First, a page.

This study combined multiple factors across 105 countries around the world, comprising of:
• The country’s average life expectancy
• The country’s Health Care Index score
• The country’s safety
• The country’s happiness
• The country’s cost of living
• The country’s property prices
• The country’s pension start age
– to determine the best country for older people to live in.
Finland was determined as the best country in the world for older people to live in, thanks to consistently high scores across almost all categories, including topping the list for the happiest country in the world.
Four of the five top-ranking countries also happen to be European, with Denmark in second, the Netherlands in third, Austria in fourth and Australia in fifth.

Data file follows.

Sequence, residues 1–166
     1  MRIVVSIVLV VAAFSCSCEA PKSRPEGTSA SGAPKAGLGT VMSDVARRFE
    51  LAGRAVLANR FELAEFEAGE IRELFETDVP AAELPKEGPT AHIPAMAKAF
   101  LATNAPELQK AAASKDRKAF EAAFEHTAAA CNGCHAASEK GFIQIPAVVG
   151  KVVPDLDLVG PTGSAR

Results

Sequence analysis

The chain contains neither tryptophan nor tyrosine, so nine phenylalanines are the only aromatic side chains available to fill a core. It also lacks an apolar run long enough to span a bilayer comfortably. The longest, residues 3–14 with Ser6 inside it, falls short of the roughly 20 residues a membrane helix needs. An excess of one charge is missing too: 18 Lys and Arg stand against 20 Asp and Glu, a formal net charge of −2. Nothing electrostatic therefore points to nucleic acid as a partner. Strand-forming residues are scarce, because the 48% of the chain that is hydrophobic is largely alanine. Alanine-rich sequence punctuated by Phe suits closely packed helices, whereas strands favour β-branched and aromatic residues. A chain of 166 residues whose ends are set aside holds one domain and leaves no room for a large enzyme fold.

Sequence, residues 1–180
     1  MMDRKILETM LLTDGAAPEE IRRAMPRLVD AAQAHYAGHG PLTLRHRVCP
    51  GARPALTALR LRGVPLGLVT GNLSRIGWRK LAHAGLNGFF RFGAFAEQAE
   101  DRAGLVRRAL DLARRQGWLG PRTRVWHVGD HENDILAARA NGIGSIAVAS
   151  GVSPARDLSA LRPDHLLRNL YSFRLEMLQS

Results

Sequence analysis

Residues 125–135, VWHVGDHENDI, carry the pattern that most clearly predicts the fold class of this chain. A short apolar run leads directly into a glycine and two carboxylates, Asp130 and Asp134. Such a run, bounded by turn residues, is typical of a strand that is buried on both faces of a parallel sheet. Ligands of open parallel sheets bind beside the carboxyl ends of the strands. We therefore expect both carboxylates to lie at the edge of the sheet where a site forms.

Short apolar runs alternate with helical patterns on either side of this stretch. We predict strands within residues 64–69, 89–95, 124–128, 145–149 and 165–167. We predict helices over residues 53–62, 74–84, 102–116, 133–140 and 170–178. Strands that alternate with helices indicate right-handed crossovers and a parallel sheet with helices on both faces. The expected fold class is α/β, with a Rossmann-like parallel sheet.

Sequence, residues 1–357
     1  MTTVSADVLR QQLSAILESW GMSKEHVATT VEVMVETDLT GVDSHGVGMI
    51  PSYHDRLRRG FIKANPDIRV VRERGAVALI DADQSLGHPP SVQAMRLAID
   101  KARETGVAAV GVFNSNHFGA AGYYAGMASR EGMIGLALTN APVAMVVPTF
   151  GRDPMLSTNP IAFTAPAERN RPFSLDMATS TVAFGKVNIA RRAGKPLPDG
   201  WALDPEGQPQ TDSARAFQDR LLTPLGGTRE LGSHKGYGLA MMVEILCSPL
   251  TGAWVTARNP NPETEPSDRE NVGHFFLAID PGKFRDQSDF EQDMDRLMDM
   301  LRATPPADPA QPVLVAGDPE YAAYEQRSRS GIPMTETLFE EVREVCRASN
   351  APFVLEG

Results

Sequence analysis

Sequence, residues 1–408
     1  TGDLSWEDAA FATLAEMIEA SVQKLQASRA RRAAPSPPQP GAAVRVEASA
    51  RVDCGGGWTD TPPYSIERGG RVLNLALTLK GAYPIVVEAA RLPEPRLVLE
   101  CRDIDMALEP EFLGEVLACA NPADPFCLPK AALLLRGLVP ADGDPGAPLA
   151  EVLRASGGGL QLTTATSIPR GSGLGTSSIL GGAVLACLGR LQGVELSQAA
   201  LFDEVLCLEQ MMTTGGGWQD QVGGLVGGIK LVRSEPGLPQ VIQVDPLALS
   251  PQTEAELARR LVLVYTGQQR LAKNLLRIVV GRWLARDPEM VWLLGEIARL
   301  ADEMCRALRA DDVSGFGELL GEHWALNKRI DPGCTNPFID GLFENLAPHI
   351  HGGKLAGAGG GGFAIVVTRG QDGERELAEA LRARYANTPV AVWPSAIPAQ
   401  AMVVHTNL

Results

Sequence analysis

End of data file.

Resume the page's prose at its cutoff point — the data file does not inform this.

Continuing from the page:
As for the UK, the country finished down in 17th place but outperformed one of the top 2 countries in regard to life expectancy. However, it was let down by a high cost of living and a mediocre performance in other categories including safety and property prices. Many might be surprised to learn that the United States of America finished down in 28th place, with its cost of living and safety playing a factor in its less than stellar ranking. At the bottom of the list came Ukraine, Kenya and Iraq respectively.
View the analysis and rankings in full here: https://www.ageukmobility.co.uk/mobility-news/article/what-is-the-best-country-to-live-for-older-people